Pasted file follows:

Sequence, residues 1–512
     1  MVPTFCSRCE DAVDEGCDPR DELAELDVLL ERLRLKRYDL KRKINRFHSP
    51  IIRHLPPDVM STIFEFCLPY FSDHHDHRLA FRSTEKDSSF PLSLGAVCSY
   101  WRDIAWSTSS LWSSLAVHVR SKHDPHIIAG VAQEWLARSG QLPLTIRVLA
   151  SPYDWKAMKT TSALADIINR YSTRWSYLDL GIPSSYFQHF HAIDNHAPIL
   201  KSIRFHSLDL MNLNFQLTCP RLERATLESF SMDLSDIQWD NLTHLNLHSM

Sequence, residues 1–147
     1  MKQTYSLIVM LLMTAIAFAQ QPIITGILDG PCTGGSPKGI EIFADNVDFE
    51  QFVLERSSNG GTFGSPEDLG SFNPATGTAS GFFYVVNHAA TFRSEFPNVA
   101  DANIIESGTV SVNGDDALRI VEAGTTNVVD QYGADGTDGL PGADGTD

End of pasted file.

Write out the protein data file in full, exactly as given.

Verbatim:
Sequence, residues 1–512
     1  MVPTFCSRCE DAVDEGCDPR DELAELDVLL ERLRLKRYDL KRKINRFHSP
    51  IIRHLPPDVM STIFEFCLPY FSDHHDHRLA FRSTEKDSSF PLSLGAVCSY
   101  WRDIAWSTSS LWSSLAVHVR SKHDPHIIAG VAQEWLARSG QLPLTIRVLA
   151  SPYDWKAMKT TSALADIINR YSTRWSYLDL GIPSSYFQHF HAIDNHAPIL
   201  KSIRFHSLDL MNLNFQLTCP RLERATLESF SMDLSDIQWD NLTHLNLHSM

Sequence, residues 1–147
     1  MKQTYSLIVM LLMTAIAFAQ QPIITGILDG PCTGGSPKGI EIFADNVDFE
    51  QFVLERSSNG GTFGSPEDLG SFNPATGTAS GFFYVVNHAA TFRSEFPNVA
   101  DANIIESGTV SVNGDDALRI VEAGTTNVVD QYGADGTDGL PGADGTD